Book clubs in the classroom can be a powerful reading comprehension tool and experience for young children. Implementing book clubs in an upper elementary classroom gives students an opportunity to read a book they are interested in, discuss the book, and complete comprehension activities as they go! My kids LOVE book clubs because they get to read with their friends and discuss what they read!
Why do book clubs?
Holding book clubs in the classroom is an essential part of upper elementary because it allows students to read books that interest them with their peers. Doing this helps students find a love for reading and introduces them to new books that they may not have read before.
Hosting book clubs in the classroom also allows students to work on their reading comprehension and fluency skills while really engaging with the material.
The best part? Having book clubs in your classroom is little to no prep for the teacher and once you teach your kiddos how to do it, it basically runs by itself! WIN WIN!
When do you do book clubs?
When I am in a book club rotation in my classroom I either replace my typical guided reading or silent reading time with a book club.
If I am replacing my guided reading time, I am meeting with each book club group every few meetings and chatting with them just like I would with guided reading.
Before Getting Started
Before starting book clubs in the classroom, you need to make sure that you explicitly teach what you want your students to do when they meet with their peers.
So, what I do is go through each book club role and teach them how to do it!
To do this, I read a picture book to the class and then we go through and do an example of what I would do with each book club role. I show them what I would do on the recording sheet after I am done reading and I also show them what the discussion would look like when they are discussing!
How to Implement Book Clubs
After you show students how to implement book clubs on their own you give each group the book they will be working on. Typically, I will plan out about 10 meetings. All I do to plan is separate the book into 10 reading sessions (I pick out which chapters or pages they read each time).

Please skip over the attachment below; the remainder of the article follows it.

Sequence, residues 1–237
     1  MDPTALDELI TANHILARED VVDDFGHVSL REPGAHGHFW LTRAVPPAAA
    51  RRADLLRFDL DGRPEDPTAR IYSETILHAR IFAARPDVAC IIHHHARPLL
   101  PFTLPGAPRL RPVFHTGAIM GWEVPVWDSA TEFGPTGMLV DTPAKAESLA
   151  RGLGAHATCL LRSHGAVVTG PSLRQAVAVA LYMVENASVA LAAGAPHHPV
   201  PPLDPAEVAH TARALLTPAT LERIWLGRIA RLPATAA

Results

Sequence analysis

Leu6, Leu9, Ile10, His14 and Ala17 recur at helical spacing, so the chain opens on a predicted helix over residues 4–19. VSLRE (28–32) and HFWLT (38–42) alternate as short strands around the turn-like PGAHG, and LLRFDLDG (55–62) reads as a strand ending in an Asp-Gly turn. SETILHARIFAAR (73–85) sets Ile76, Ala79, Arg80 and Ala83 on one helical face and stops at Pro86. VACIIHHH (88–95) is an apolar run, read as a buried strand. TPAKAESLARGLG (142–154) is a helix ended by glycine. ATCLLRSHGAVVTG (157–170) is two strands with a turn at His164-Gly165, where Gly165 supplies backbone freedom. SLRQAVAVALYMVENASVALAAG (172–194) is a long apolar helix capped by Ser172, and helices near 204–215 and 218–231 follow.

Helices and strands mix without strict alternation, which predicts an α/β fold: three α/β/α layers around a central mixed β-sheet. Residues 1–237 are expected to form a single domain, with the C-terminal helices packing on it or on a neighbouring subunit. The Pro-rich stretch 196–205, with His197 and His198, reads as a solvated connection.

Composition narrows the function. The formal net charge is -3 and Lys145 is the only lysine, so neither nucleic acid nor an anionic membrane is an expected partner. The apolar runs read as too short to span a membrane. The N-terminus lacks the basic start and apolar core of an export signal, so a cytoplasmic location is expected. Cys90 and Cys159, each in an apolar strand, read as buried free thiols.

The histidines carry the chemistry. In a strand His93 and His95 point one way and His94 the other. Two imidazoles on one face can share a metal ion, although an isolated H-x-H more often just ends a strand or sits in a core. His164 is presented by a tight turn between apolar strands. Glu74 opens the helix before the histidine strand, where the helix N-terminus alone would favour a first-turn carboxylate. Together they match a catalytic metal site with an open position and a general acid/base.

- Each student will pick one book club assignment. They work with their group to make sure that no one is doing the same assignment.
- Then, they read their first book club assignment and do the recording sheet to go with what they have read.
- The following day the students will meet to discuss what they read. They each go around the circle discussing their role that day (The book club sheets have very explicit instructions on what to talk about for their role).
- When the discussion is complete, the students will pick a new role for the next assignment and begin working on their next assignment.
- Repeat the above steps.
When doing book clubs in the classroom they will continue to repeat the steps above until the book is complete. By the end of the book club, every student will have read the entire book and completed each assignment in their book club packet.
Typically at the end of the book club, I have students complete a book project to go with it! (Find the book projects I use here).
What are the roles that each student completes?
- Word Detective- these students are finding words and defining them
- Artsy Artist- they are illustrating what they read
- Super Summarizer- they are summarizing the part that they read
- Connector- they are doing text connections
- Passage Wizard- they pick their favorite passage
- Character Captain- they are looking at the characters in the book
- Question Creator- this student is creating questions for the students in the group to answer
- Reporter- this student takes notes and reports back to me
- Discussion Director- this person leads the group
Make book clubs in the classroom easy!
Grab all the book club roles with explicit instructions for the tasks and the discussions here!